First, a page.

It took a coordinated effort to tackle an aggressive fire behind Kootenay Boundary Regional Hospital last September. (Guy Bertrand photo)

First response calls down in Greater Trail, vehicle fires and hazmat calls surge

Fire Chief Dan Derby released 2018 stats at a recent East End Services meeting

While there was a marked increase in calls to public assists, hazmat scenes, and vehicle fires last year, the overall call volume at the regional fire department actually dropped more than 15 per cent.

However, it’s important to clarify that the decrease of 316 calls is mostly related to first responder dispatches, and a direct result of a change in protocol by BC ambulance.

Those revised procedures dropped the number of assists from the Regional District of Kootenay Boundary (RDKB) fire rescue to 836 first responder calls, compared to 1,094 of those same type of incidents the year previous.

Read more: RDKB emergency calls climb in 2017

“The big change over 2018 was the decrease in call volume related to the changes in emergency medical services dispatch protocol implemented by BCEHS (British Columbia Emergency Health Services Commission) in the spring of 2018,” Fire Chief Dan Derby explained. “Resulting in a 24 per cent decrease in first responder calls.”

In all, the fire department call volume totalled 1,548 compared to 1,864 in 2017.

Besides 258 less first responder calls, another incident type that notably dropped was attendance at motor vehicle incidents (MVI). The regional crew assisted with 143 MVI calls in 2018, compared to 203 the year previous.

Another overall decrease was related to structure/wildfire incidents, with those 9-1-1’s collectively dropping from 92 calls in 2017, to 79 last year. Firefighters responded to 44 structure fires and 35 wildland fires in 2018, the most memorable of the latter being an aggressive fire behind the regional hospital that made news across the province on Sept. 11, and temporarily closed the road to patients and staff.

Read more: Wildfire suspected to be human-caused

Read more: Helitankers used to douse Trail wildfire

Of note, is how that wildfire exemplified the effectiveness of coordinated emergency responses between regional emergency services, the city, BC ambulance, police officers and Interior Health. No one was hurt, outlying medical centres stayed open late, no structures were affected, and access to the Trail hospital was re-gained after midnight.

Other than that, the breakdown reveals fairly static call outs for incidents such as alarms and rescues. Further to Derby’s annual statistics report, compared to 2017, his numbers reveal 36 more calls for ‘public assist,’ 12 additional responses to vehicle fires, and an increase of 25 hazmat-related incidents.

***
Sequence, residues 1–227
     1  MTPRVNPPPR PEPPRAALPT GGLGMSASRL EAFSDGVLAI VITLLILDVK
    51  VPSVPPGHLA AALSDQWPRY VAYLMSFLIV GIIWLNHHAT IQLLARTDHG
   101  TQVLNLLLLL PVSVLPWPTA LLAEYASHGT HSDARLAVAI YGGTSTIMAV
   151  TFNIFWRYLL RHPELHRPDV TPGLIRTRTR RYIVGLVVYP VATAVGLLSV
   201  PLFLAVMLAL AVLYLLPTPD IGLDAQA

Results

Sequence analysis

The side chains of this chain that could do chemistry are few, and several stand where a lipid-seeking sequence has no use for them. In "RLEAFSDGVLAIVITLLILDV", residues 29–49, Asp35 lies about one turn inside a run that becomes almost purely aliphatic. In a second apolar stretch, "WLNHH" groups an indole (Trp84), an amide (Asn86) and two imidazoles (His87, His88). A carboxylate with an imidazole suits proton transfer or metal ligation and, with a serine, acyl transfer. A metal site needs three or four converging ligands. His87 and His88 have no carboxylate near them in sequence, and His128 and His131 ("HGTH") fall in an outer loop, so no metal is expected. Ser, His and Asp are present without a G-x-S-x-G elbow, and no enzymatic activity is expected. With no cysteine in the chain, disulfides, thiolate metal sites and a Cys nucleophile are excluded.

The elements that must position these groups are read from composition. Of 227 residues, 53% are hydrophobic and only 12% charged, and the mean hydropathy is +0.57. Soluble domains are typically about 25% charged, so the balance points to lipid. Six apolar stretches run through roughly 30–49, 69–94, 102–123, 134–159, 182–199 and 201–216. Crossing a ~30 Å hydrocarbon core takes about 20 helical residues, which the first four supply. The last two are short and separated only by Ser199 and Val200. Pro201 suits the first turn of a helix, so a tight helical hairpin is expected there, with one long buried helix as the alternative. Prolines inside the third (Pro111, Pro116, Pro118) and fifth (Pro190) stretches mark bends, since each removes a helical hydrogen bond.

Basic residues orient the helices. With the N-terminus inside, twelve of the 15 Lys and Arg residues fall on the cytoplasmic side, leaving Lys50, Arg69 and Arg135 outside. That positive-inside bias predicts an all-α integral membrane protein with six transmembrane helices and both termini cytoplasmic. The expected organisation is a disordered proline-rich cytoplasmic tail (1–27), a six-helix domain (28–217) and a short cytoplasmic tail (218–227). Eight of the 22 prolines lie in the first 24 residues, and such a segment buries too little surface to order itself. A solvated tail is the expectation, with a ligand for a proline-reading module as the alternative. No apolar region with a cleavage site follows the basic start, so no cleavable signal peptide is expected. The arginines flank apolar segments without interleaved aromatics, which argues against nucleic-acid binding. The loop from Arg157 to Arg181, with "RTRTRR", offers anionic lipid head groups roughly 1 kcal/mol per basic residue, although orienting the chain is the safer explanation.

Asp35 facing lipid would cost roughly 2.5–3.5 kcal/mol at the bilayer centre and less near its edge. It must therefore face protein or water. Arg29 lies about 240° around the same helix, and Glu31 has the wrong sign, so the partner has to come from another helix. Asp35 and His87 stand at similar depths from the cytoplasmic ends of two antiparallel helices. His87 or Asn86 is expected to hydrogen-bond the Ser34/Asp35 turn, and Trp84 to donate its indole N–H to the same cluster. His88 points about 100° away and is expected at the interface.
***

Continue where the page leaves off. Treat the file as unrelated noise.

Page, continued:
As summer months near, Chief Derby says the department’s focus is on wildfire season preparation. Ten members attended wildfire training with BC Wildfire Service earlier this month, with an additional 20 attending training on structure protection and wildland firefighter training.

Earlier this month, East End Directors began looking at a long-term strategic plan for the service.

“It is only a recommendation for now,” explained RDKB Director, Trail Coun. Robert Cacchioni. “The final RFP (Request for Proposal) (for consultation services) will be discussed in May and refined as to what the committee wants covered,” he said. “The report will identify all options as to where the fire service will be in a number of years, the discussion is an ongoing process, and public consultation is a major focus as it should be.”

Over the past few years there have been a number of changes effecting the provision of fire services in British Columbia along with more local regional impacts.

Those included re-routing delivery of fire dispatch from the RDKB to the City of Kelowna, updated WorkSafeBC legislation, adoption of the provincial standards ‘Playbook,’ and pending changes to the Fire Safety Act.

“It has been recognized by the East End Services committee that there are a number of challenges to resolve to ensure that the long term delivery of the (fire) service is sustainable and provides best value to all member communities,” reported James Chandler, RDKB general operations manager.

“Additionally, in recent years, a number of studies and assessments have been completed. These studies may provide further background information, however, they may also lack specific analysis and investigation that could be considered as part of a longer term, master planning process.”



newsroom@trailtimes.ca

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